Analysis: Macron follows a well-worn path of French presidents, by veering to the proper

Analysis: Macron follows a well-worn path of French presidents, by veering to the right


Macron had campaigned with the slogan, “neither left nor right.” But he now seems to be lurching within the latter course. Two controversial payments, and more and more inflammatory rhetoric coming from the Interior Ministry, are proof of this.

With the presidential election simply 17 months away, the 42-year-old dangers shedding help from most of the left-leaning voters who helped him win workplace within the first place.

Over the previous three years, 43 MPs have both give up or been thrown out of Macron’s social gathering, La République en Marche (LREM), created in 2016. Some of them had been specialists drawn from civil society who had entered parliament eager to reshape the well-worn mildew of conventional social gathering politics. Some felt alienated by the federal government’s more and more conservative line.

“We are not the ones doing the betraying. On the contrary, we believe we are returning to our original values,” Emilie Cariou informed French radio after quitting LREM in May to begin her personal inexperienced parliamentary group.

Political analyst Dominique Moisi believes that since he got here to energy, Macron has been making an attempt to fulfill voters on the proper, moderately than his leftist base.

“There is this evolution which explains the disarray of some of the members of the LREM who left the party because they felt he was moving too much in the direction of economic liberalism and security conservatism,” Moisi informed Source.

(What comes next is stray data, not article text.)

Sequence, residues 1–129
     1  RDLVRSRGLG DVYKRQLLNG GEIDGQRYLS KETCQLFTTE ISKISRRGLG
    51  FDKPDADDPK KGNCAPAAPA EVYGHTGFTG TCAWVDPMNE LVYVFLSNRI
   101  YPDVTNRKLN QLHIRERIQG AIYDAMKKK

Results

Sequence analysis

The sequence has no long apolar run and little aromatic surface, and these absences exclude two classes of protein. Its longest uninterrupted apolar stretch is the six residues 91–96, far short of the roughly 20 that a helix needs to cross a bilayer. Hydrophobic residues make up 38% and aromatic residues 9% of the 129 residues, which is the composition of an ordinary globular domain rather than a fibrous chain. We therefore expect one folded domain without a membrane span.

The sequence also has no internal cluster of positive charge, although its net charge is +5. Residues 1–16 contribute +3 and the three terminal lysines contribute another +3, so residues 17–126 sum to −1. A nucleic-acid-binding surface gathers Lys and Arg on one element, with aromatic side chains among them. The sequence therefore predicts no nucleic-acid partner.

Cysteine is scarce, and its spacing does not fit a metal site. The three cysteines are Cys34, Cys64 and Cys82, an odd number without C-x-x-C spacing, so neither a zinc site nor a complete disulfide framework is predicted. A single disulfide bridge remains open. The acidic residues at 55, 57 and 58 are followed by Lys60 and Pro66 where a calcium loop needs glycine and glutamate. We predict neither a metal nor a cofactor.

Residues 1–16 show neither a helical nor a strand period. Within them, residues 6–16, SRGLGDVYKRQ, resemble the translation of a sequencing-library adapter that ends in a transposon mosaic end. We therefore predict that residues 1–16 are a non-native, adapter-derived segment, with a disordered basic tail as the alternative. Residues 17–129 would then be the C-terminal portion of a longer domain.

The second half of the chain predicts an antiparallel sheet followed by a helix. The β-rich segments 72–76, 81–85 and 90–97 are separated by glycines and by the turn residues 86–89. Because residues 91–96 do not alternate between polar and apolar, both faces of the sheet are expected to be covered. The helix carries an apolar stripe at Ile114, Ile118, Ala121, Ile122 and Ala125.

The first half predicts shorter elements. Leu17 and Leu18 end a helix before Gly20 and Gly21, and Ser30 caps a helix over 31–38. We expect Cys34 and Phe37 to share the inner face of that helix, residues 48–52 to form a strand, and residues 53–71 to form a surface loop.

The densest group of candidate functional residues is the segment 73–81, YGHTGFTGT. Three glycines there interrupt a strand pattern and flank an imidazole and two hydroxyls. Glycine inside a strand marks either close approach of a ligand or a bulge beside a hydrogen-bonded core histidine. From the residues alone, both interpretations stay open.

Macron’s conservative overtures concerning safety had been obvious when his social gathering introduced the “global security bill” in parliament. Article 24 of the invoice would ban the dissemination of photos of law enforcement officials with the “intent to cause them harm.”

If it turns into legislation, offenders can be topic to a most one-year jail time period and a $54,000 effective.

Many concern the invoice would make masking protests and police brutality harder for journalists. After widespread protests, and with journalists and human rights organizations decrying article 24, Macron’s authorities bowed to stress and on Thursday, the Prime Minister’s workplace introduced article 24 can be amended to make sure it didn’t “prejudice the legitimate interest of the public to be informed.”

During a debate Friday in Parliament, Interior Minister Gérald Darmanin addressed the criticism, saying journalists and members of the general public “can continue to film and broadcast but you cannot give names and addresses of our police officers who want to serve the republic.”

But sharing photos “intended to harm or incite violence would violate the law.

Parliament voted to approve the controversial article Friday. The entire global security bill faces a vote Tuesday before going to the Senate.

Combating extremism

The draft legislation is one of two bills sparking public debate in France.

Next month Macron’s ministers will present legislation that the French President hopes will strengthen secular values and combat “Islamist separatism.”

In an October speech, Macron announced the new draft law would ban home schooling starting in September 2021, saying inspectors for the Education Authority frequently close illegal schools run by religious extremists. The proposed law would also target funding for mosques.

Secularism has taken center stage in France in the wake of the beheading of Samuel Paty, a school teacher who was killed by a Chechen teenager after he showed his pupils cartoons of the Prophet Mohammed during a class on freedom of expression.

Reacting to Macron’s proposals, Mohammed Moussaoui, the head of the French council for the Muslim faith, said he would support the fight against extremism.